This year, Pakistan’s export of manpower to the Middle East and Libya is expected to go up by as much as 25%, as told in a news post reporting information from the Pakistan Overseas Exporters Promotion Association. In the context of the global economic recession, this news appears to be a blessing for Pakistan. But is it really so? Something contrary may be in view in the not-so-remote future!
Joesph Chamie, director of research at the Center for Migration Studies, presents a brief but compelling view of the global financial crisis, the rising rate of unemployment worldwide, and the manpower export policy of developing countries (read Mr. Chamie’s article). He points to the tightening labor import policies in developed/well-off countries and how these, in the long run, can lead to a bounced-back burden on the economy of the labor exporting countries. Beyond it, there is this risk of political upheaval with the increasing civil instability related to economic hardships. We can interpret Pakistan’s rise in manpower export in the same light.
Statistics given in the news post, published in Daily Times, tell that about 500, 000 people are needed in Saudi Arabia in different workmanship categories and nearly 50, 000 more in Libya; other countries in the Middle East are also in need of manpower. At the moment, according to the mentioned post, about 140 million Pakistani workers are employed in the Middle East and other countries, and the demand is growing.; not only in the Middle East but also in South Korea. With hundreds of thousands more needed abroad for labor, Pakistan’s economy can hope to get a boost for the coming few years by increasing manpower export but things may not work out very well in the long run.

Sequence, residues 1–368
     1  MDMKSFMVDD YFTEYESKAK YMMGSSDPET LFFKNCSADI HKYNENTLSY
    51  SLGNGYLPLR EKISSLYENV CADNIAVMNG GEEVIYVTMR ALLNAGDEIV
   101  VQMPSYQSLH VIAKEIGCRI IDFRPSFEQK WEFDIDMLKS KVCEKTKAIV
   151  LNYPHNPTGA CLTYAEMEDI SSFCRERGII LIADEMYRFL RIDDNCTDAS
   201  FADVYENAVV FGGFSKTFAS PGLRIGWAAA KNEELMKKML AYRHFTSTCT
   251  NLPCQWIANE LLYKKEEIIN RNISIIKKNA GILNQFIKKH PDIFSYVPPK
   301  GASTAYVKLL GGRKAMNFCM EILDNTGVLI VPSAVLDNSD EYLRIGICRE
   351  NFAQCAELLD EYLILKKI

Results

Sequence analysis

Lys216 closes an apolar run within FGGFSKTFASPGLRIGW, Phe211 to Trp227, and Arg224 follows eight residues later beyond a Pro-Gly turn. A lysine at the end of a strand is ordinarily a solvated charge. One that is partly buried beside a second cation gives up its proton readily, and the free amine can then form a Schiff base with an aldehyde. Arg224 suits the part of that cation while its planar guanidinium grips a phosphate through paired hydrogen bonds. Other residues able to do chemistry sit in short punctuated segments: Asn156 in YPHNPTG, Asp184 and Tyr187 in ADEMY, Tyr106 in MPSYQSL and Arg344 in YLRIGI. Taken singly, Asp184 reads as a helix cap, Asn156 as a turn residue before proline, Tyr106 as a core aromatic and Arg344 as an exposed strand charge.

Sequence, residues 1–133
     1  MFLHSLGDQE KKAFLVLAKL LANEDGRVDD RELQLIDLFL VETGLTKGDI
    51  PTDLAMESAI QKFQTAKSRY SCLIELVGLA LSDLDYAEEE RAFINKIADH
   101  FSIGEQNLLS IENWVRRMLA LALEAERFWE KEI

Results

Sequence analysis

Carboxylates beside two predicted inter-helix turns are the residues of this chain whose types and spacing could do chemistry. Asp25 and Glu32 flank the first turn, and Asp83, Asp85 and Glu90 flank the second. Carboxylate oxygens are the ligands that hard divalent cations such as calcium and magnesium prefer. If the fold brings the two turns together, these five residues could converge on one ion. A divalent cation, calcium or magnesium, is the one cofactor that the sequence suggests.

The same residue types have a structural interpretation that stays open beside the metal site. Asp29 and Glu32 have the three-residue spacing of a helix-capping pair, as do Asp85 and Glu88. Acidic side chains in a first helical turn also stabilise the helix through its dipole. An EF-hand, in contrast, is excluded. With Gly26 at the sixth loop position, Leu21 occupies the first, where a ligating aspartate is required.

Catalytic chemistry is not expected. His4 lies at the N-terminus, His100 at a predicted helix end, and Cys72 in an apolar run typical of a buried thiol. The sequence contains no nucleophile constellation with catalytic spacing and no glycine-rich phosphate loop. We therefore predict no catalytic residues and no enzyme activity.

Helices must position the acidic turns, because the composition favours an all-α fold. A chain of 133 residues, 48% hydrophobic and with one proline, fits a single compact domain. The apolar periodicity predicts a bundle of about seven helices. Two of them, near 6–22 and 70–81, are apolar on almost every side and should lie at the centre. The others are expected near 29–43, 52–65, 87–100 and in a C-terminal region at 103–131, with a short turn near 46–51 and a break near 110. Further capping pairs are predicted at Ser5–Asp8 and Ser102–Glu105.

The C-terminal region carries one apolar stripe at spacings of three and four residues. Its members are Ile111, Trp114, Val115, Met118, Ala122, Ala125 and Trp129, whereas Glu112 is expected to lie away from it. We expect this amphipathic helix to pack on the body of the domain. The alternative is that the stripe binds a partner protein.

The construction of new Saudi Arabian cities, where most of the new Pakistani laborers will be employed, is to be completed by the end of 2011. Since the Arab countries do not offer nationality to foreign workers neither do they offer any retirement/pension benefits, the returning workforce is going to add to the country’s economic burden. The situation will be especially hard for all if the economic crisis continues and/or gets worse. This scenario also has another side, namely familial needs. Many workers, as they get work abroad, start their families and, upon returning, have to cope with the painful challenge of providing for their family needs in the face of unemployment and/or low wages. These factors imply the need for a sustainable source of income. A helpful measure may be a government program of education on the effective income management for the long-term benefits of overseas Pakistani workers; a program that will also succor the economy of the country.